“It will be a mixed picture over the next 12 months. It is difficult to know if the Fed will have to move. We expect inflation and core inflation to be down next year. But the question is, does inflation get all the way down to [the Fed’s] target? There will be a period of six to 12 months where Fed officials will be able to say, ‘there you go, it’s coming down’ . . . But then the reopening effects will give way and the cyclical components inflation will predominate. That is when it will become clear to the Fed that inflation is not transitory.”
Fund managers own lots of stocks, and are sad
One chart neatly sums up the September edition of Bank of America’s much watched fund manager surveys:
The proportion of the 232 fund managers surveyed by BofA who think the US economy is set to improve has recently plummeted, from more than half to a small minority. Yet despite the pessimism, three-quarters of the managers remain overweight stocks. This is a rare combination, as the chart shows.
The pessimism theme runs right through the survey. The managers’ expectations for profit growth, profit margins and inflation are all coming down. The proportion taking “higher than normal risk” is rolling over. Few managers now think small caps or low-quality stocks will outperform. Cash allocations, while low, are starting to rise.
At the same time, though, the managers want nothing to do with bonds. A whopping 69 per cent are underweight fixed income (light blue lines):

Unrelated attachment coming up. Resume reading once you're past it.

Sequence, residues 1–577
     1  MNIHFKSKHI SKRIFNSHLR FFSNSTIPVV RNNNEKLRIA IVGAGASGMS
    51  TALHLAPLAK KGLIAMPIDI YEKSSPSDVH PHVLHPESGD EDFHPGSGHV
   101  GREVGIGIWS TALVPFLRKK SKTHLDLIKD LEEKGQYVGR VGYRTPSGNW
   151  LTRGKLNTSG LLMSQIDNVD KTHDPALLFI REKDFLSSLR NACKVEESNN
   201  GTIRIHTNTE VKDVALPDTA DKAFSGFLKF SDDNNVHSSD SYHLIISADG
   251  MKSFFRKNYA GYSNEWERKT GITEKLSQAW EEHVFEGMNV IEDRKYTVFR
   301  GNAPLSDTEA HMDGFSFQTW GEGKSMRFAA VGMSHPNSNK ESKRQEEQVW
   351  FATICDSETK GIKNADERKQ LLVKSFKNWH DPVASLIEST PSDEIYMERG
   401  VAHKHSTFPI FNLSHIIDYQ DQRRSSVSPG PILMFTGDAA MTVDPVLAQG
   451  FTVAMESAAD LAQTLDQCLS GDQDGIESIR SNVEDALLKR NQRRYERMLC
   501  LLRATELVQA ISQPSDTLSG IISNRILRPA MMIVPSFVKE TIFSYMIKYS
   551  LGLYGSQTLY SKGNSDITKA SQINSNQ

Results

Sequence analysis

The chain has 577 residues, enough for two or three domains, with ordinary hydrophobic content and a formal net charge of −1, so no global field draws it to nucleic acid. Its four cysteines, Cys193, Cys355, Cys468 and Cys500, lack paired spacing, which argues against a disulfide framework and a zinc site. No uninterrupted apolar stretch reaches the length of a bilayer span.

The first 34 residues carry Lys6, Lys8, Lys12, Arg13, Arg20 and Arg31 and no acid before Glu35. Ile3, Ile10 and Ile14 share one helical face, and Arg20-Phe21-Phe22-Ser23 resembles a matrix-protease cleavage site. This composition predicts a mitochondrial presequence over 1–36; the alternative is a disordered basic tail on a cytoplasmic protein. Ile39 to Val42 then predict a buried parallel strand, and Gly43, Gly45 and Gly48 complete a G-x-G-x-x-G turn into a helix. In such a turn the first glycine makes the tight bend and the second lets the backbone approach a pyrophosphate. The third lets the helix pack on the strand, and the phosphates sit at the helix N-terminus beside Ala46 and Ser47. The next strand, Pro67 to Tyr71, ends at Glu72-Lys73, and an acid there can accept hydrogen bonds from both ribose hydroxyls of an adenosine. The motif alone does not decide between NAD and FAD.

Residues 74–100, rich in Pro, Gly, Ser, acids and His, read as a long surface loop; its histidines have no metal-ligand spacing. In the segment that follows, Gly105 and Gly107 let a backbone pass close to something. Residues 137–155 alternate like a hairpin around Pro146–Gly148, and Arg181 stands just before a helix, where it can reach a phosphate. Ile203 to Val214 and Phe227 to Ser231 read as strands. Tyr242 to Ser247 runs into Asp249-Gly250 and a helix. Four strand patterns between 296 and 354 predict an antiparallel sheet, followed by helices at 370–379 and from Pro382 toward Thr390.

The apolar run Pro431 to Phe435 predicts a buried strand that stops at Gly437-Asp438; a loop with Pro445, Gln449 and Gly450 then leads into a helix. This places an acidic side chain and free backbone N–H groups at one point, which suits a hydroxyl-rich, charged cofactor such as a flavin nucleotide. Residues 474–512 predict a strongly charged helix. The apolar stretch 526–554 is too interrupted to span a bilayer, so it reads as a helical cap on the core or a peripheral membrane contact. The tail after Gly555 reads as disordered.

Finally, the proportion of managers who say they have hedged their equities against a sharp fall in the markets is the lowest it has been in three and half years.
I looked at all this and thought “dreary complacency”: pessimism mixed with the belief that stocks will always remain the place to be, regardless. I put that phrase to David Jones, one of the BofA strategists behind the survey, and he said he preferred “bearish bulls”:
“People are certainly long equities, maybe not quite as long as they have been, but they just can’t justify putting a marginal dollar into fixed income at these yield levels. So what else are they going to do?
“So you are seeing this dissonance between the macro outlook, which is darkening, and continued investment in equities . . . Equity flows have been incredibly strong; year to date for 2021 I think they are equivalent to the last 10 or 15 years . . . We are headed for a trillion-dollar year.”
Jones’s team thinks the tension between sentiment and allocation is most likely to be resolved by declining enthusiasm for equities. They think the end of this year could be tough for stocks. The big reason? They think the 40-year bull market for bonds is over, ended by Covid and the political, fiscal and monetary changes that the pandemic has wrought. The super-low interest rates that have kept stock valuations high are set to rise. Change is coming, gradually or quickly. This year’s massive flows could dribble back into cash and bonds, or come out all at once, in a disorderly rush.
I’m not sure I buy Jones’s macro thesis. I am sure, however, that the BofA survey shows a significant change in market sentiment. The ground is shifting.
One good read
The FT’s economics editor Chris Giles is excellent on how both sides of Brexit have shifted into damage control mode.